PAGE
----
Claims against the estate of a decedent which are based on promissory notes executed by the deceased must be presented within the time provided by Neb.Rev.Stat. § 30-2485(a)(1) (Reissue 1985) and in the manner provided in Neb.Rev.Stat. § 30-2486 (Reissue 1985), if notice to creditors has been published. Section 30-2485(a) provides as follows: *277 "(a) All claims against a decedent's estate which arose before the death of the decedent, including claims of the state and any subdivision thereof, whether due or to become due, absolute or contingent, liquidated or unliquidated, founded on contract, tort, or other legal basis, if not barred earlier by other statute of limitations, are barred against the estate, the personal representative, and the heirs and devisees of the decedent, unless presented as follows: "(1) within two months after the date of the first publication of notice to creditors if notice is given in compliance with section 30-2483; Provided, claims barred by the nonclaim statute at the decedent's domicile before the first publication for claims in this state are also barred in this state. If any creditor has a claim against a decedent's estate which arose before the death of the decedent and which was not presented within the time allowed by this subdivision, including any creditor who did not receive notice, such creditor may apply to the court within sixty days after the expiration date provided in this subdivision for additional time and the court, upon good cause shown, may allow further time not to exceed thirty days; "(2) within three years after the decedent's death, if notice to creditors has not been published." In case No. 87-113, the district court found that the bank's claim against the estate of Charlie Parks on the promissory notes was not timely filed as required by § 30-2485. Notice to creditors was published on February 20, 1985, and the bank had failed to file a claim or suit on the promissory notes within 2 months of that time, according to the order of the district court.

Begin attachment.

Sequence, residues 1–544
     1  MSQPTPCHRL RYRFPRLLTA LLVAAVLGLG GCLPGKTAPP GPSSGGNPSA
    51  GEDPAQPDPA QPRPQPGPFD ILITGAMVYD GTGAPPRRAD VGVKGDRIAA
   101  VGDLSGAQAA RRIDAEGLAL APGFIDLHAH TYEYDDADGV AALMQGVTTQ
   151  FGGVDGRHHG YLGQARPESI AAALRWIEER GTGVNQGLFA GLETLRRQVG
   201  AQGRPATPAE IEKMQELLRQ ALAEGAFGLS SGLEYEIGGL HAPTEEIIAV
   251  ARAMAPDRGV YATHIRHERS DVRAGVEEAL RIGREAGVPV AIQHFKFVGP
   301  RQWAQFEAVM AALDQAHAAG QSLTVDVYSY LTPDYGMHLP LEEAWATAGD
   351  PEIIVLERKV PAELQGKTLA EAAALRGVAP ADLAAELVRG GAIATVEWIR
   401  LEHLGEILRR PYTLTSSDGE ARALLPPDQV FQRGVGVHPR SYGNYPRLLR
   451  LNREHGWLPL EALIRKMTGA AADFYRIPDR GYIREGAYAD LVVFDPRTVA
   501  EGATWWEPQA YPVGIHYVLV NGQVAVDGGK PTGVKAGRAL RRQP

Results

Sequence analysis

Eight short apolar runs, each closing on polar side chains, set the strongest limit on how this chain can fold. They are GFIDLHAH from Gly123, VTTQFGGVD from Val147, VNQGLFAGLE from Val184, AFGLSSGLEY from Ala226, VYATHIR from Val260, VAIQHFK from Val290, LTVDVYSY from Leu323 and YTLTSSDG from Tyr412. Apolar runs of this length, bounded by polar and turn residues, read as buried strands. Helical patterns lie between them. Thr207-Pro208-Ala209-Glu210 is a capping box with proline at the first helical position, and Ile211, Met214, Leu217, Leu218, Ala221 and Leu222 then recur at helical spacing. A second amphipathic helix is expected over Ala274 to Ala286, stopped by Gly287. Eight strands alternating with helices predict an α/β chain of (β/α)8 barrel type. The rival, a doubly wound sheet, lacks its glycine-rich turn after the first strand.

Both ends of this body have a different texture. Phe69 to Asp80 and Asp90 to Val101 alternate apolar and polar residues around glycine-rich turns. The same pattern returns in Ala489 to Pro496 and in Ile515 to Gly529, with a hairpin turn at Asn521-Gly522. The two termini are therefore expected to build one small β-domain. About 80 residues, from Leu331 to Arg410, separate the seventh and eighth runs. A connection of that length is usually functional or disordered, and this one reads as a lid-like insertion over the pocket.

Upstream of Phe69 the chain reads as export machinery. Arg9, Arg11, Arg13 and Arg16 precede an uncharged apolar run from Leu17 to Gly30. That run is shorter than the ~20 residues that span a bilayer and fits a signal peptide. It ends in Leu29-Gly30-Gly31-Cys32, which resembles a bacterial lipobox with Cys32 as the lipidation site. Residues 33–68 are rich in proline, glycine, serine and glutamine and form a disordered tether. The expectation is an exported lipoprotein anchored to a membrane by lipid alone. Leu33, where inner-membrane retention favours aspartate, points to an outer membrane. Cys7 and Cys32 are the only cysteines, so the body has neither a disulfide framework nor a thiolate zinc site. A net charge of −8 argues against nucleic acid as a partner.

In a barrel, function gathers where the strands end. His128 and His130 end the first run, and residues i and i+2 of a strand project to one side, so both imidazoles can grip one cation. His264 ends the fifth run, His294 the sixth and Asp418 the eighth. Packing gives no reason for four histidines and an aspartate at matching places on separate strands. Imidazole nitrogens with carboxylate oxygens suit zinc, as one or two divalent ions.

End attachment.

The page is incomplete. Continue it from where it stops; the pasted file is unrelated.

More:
These cases are in agreement with the earlier decisions of this court. In Storm v. Cluck, 168 Neb. 13, 22, 95 N.W.2d 161, 167 (1959), we held:

"The only way a creditor can give the county court authority to make an order extending the time in which to file his claim is to make such application within 3 months after the expiration of the time previously allowed for filing claims and then only by showing good cause for doing so. § 30-605, R.R.S.1943."

In that case we said at 20-21, 95 N.W.2d at 166-67: